we are pleased to announce a seminar series organized in the framework of the Laboratory of Social Geography (LaGeS) of the University of Florence.
The seminar series is titled: Geographies of geography and it is primarily intended to start a discussion about the discipline of geography (see the poster below).
Geography as a discipline may have a large global foot print. However, what geographers do differ across contexts. Context here is defined very loosely; it can be a research cluster, a linguistic group, or a country/region. To have a dialogue between these contexts, we invited researchers (a mix of both established and early-career) to discuss their work within some framing questions:
1. What questions do geographers ask?
2. How do they find answers to these questions?
3. How do these questions and answers eventually contribute (or not) to the ‘discipline’ of geography within and beyond the contexts?
4. What ‘skills’ should one possess to be called a ‘geographer’?
We have the 8 talks planned, details of which are in the poster attached.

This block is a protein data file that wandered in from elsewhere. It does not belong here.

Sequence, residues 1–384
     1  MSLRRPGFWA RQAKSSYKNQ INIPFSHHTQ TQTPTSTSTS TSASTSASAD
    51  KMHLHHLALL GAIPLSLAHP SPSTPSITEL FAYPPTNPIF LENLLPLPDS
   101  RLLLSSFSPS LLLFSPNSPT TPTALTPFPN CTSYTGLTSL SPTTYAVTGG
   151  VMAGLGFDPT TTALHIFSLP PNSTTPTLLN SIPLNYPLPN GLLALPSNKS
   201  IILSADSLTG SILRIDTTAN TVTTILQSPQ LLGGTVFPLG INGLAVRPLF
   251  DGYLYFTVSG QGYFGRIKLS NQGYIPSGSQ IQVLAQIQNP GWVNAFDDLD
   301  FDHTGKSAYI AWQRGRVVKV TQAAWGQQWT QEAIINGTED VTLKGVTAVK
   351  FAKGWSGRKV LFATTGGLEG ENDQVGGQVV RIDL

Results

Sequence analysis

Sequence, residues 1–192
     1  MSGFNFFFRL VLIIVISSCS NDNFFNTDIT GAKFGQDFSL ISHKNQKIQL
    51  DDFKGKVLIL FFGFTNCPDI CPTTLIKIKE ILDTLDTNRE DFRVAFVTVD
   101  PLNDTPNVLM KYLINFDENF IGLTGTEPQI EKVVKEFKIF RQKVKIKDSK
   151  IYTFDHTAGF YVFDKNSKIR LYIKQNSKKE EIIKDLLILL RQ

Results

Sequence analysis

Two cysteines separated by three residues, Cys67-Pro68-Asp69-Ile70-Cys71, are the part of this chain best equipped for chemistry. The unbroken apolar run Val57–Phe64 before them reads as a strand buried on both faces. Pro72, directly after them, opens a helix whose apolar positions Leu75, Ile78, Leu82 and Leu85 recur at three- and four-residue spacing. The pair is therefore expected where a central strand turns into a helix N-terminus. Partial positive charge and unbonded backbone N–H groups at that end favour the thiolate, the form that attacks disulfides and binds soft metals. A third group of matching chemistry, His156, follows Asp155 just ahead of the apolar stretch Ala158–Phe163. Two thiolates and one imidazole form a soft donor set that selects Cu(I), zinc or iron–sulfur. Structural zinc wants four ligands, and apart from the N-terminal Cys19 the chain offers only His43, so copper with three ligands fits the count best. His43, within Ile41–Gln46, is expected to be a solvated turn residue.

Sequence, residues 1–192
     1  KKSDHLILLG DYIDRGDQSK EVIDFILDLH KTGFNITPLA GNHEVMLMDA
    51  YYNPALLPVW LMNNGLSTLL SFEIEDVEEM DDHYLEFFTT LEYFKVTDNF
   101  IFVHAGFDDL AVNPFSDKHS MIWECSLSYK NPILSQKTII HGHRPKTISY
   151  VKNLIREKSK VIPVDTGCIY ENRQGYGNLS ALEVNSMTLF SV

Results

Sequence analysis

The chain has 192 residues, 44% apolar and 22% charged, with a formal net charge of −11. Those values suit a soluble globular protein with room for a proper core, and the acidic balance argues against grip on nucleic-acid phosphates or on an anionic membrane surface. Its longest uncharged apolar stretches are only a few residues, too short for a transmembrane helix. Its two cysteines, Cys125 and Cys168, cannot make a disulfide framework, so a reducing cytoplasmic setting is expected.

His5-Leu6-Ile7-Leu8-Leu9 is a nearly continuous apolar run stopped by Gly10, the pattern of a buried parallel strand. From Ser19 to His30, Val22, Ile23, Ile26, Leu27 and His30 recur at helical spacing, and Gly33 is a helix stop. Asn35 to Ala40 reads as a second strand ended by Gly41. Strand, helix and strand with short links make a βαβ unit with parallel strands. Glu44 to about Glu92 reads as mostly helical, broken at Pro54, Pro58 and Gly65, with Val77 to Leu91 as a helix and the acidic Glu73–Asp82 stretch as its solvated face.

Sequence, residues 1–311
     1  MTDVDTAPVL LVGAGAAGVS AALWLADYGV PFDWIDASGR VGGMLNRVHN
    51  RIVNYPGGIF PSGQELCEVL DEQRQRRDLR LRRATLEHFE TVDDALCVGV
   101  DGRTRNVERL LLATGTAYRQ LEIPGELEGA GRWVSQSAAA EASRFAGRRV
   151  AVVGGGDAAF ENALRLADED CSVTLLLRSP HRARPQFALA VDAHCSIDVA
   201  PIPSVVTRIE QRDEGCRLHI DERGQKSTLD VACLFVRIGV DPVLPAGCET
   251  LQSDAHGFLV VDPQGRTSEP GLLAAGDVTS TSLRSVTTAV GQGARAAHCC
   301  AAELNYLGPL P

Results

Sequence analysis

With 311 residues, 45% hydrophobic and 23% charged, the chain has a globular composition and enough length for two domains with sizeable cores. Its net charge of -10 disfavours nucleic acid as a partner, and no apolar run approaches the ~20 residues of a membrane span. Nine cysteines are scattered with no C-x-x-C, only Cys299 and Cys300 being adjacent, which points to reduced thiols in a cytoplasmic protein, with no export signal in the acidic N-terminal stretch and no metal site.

Please note that all talks will be held online and will have a live audience at LaGeS (talk on 18 February is expected to be in-presence). It would be really great if you could come to via San Gallo 10 and we can attend the talks together. If you have any questions or comments, and in order to attend in presence, please feel free to contact Panos Bourlessas (panagiotis.bourlessas@unifi.<wbr>it ) or Nipesh Palat Palat Narayanan (nipesh.palatnarayanan@unifi.<wbr>it ).
The first talk of the series is on 28 January, which will be held online.
Zoom link to Join: LINK
Meeting ID: 989 7873 9188
Abstract: With entire regions enveloped in toxic smog for several weeks each year, a vibrant debate has emerged in South Asia about the causes and possible interventions. The media has taken a particular interest in this issue in India, but coverage is largely sporadic and often alarmist. Many civil society initiatives pressure the state to enact and, more importantly, enforce environmental regulations—meanwhile, several small and large businesses market commodities that produce localized and personalized domes of clean air.
Among other things, the flows of air do not map neatly with spatial units, which means that a geographic lens has to be developed rather than deployed. This talk will outline the contours of such a framework, building on questions of history, scale, and the politics of knowledge while foregrounding environmental justice. It will also show how, rather than a distanced critique that scholarship typically offers, living and breathing in Delhi engenders critical empathy towards practitioners since they realize both the inadequacy and necessity of their actions.
We look forward to seeing you at the seminars,
The Degree Committee